Out and About

I notice that I move around a lot better now that I’m 170+ lbs. lighter. There were so many things I could’t do as an obese person. Some of which I didn’t even realize I couldn’t do. Things that most people wouldn’t even give a second thought about. As an obese person it was an ordeal to just carry my purse. I was unable to get my purse on my shoulder and in a comfortable position — too much girth. Now-a-days, I carry my purse on my shoulder and it fits right nicely against my body like it should.

I was headed to class recently and I really wanted to take a to-go mug of coffee, but in the past carrying a mug, purse, and book bag would be a lot of work for me — too much girth. Just trying to get around was enough hassle. Never mind carrying extra stuff. Anyhow, I decided I didn’t want to face the day without the coffee so I brought along the to-go mug. Surpringsly, toting the coffee mug and other items didn’t cause me grief. Instead, I was pleased to be out and about moving around with stuff.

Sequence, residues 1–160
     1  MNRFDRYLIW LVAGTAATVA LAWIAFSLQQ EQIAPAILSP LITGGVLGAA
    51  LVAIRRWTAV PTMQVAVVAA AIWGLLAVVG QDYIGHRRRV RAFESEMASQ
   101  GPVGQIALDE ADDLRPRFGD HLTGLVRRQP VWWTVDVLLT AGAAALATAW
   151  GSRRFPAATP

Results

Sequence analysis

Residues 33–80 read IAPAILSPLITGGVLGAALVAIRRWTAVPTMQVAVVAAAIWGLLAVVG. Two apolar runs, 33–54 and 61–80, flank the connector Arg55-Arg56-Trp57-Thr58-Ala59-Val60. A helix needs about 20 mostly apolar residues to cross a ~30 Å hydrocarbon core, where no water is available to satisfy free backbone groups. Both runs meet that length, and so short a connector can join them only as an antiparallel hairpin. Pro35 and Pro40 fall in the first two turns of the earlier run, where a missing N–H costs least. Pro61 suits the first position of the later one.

Chrisetta Mosley

Chrisetta Mosley

I am a product – and now a survivor – of childhood obesity. As a child, my family always told me that my extra weight was merely baby fat and I’d eventually grow out of it. I never did. Instead, my childhood is filled with memories of not being able to ride a bike, flattening its training wheels from being over the recommended weight, and avoiding P.E. classes by any means necessary. For years, I wore my fatness like a wounded soldier wears a Purple Heart - with pride. I owned the look. I dressed it up. I worked the room. There wasn't a skinny girl who intimidated me. I made sure my hair was laid just right. Nails polished. Outfits coordinated to the tee. Accessories to compliment every outfit. But everyone has a breaking point, and mine came in the spring of 2004 when I tipped the scale at nearly 400 pounds 388 to be exact. I was MISERABLE trapped inside of that body. I no longer wore my Purple Heart with pride. Rather, I was ashamed and frightened. Ashamed that I had allowed food to become my everything – frightened I would die because of it. Drastic times called for drastic measures... Today, I’m bound and determined to live a better, healthier, active lifestyle. I realize I’m no longer a passenger in my life, I’m the driver. I’m overcoming my inhibitions and I’m slowly but surely saying farewell to my old childhood nemesis, obesity. For once and for all, Farewell Fatso!